Monday, 13 May 2013

An Avian Taxonomy

The magpies call, outside the window: a death rattle inside the skull.

An emissary of death even in avian lore, let alone human. If, as has been reckoned, magpies have the capacity for grief- therefore perhaps the capacity for ritual- might they also possess yet other powers? Enact rites our occluded minds fail to comprehend?   

Let alone human. Let alone, human. Let us enter the minds of mags, crows, ‘daws. Transpierce their skulls so their deaths, lives and secrets may rattle the louder inside our own. 
The cackle of the jackdaw, betraying runes of rut so unseemly a libertine would blush. With no moral code to transgress, the ‘daw’s perversity knows no bounds. Would you like to know more? This is neither the time nor the place. Oh, just this tidbit then: there is a single erogenous feather about the male ‘daw’s nether quarters. Locating this feather, the female plucks and the male, sprouting female organs, seeds itself purely for pleasure.        

 By the by. A green-eyed lady, proprietor of a shop brimming over only with woollen things, kept a ‘daw about her person. By day it would perch upon her shoulder, whispering its filthy secrets. Her jumpers a mess of dandruff and dejecta, she would let it its freedom at night, only for it to return ever-faithful in the morning. The green-eyed lady wondered sometimes as to the ‘daw’s twilit whereabouts. She need have feared. Taking woollens from her shop, the jackdaw had secreted these near the scenes of murders far and wide across the land. One day, there was a knock at the green-eyed ladies door...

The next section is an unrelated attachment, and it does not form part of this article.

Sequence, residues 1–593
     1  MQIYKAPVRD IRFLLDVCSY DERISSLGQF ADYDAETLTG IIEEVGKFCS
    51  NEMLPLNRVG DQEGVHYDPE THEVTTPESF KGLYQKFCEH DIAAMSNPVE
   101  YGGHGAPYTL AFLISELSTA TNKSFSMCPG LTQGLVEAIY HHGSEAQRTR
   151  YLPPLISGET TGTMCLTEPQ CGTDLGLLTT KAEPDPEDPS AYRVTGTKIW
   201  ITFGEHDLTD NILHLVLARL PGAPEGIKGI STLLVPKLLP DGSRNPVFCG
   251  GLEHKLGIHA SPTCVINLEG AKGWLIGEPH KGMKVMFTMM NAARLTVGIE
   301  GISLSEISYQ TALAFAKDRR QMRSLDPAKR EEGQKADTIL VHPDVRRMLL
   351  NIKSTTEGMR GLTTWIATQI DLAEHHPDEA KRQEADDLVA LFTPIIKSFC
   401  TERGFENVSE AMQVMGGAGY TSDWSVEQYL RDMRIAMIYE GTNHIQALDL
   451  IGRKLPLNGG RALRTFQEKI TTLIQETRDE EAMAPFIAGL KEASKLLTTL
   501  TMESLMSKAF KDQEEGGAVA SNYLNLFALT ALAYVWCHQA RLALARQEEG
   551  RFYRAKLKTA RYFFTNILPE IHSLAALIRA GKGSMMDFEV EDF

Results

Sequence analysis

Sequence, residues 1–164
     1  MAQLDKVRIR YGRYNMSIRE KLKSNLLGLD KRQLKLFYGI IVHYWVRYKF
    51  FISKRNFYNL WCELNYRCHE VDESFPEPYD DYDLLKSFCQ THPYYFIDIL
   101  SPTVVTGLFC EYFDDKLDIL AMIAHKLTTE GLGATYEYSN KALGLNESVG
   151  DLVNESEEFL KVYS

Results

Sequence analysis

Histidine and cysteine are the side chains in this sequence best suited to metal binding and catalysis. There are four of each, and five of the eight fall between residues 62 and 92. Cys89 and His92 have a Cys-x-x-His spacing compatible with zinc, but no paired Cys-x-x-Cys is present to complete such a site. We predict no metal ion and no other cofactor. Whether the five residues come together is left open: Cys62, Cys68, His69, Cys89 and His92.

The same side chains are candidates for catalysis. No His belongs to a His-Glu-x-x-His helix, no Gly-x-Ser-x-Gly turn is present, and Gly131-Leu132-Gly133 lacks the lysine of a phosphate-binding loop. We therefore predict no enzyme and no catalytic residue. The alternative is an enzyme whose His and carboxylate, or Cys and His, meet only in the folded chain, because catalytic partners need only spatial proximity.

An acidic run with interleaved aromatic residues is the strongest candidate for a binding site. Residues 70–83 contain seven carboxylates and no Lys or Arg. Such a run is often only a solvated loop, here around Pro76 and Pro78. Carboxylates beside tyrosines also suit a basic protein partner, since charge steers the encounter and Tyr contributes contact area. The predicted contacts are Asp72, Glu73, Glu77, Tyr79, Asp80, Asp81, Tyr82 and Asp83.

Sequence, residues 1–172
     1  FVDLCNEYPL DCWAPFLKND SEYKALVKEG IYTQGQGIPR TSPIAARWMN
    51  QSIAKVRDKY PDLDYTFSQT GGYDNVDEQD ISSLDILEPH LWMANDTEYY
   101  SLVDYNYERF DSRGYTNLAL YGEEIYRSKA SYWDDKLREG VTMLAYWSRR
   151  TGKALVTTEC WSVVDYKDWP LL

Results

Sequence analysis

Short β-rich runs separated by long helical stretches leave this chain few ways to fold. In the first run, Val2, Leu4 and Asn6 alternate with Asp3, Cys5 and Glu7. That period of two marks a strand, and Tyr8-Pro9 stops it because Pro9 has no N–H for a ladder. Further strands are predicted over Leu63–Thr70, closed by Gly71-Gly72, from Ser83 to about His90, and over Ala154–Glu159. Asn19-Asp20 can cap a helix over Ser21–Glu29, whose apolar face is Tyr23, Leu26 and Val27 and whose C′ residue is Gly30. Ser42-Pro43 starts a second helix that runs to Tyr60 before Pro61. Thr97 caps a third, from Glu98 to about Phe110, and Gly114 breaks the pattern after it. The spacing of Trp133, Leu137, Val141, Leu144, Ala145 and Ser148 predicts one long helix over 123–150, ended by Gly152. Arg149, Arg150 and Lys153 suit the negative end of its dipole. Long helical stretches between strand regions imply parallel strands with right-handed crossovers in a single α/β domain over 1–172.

Crows, shape-shifters all...From egghatch they lay claim to a preternatural grasp of language. Not only of its own kind, nor solely its avian fellows, but of every species it espies. In turn, this gift allows the crow, through incantation, to transmute at will. It thus passes unnoticed among our kind. Look about you: this or that person may be harbouring crow’s wings, and you will never know. 

Seven’s the De’il his ane sel’: In the famine months, the magpies gather together in number. This is not, as is often supposed, a prospective meeting for marriage. Rather, it foretells an untimely ushering into the next life of one unfortunate among them. But not before a feast in their honour: the horror being for this unfortunate one, that he or she will be forced to feast upon themselves. The death rattle of magpies in unison: cruel, necrotic call into the hereafter.   

Barum ware
Spring 2013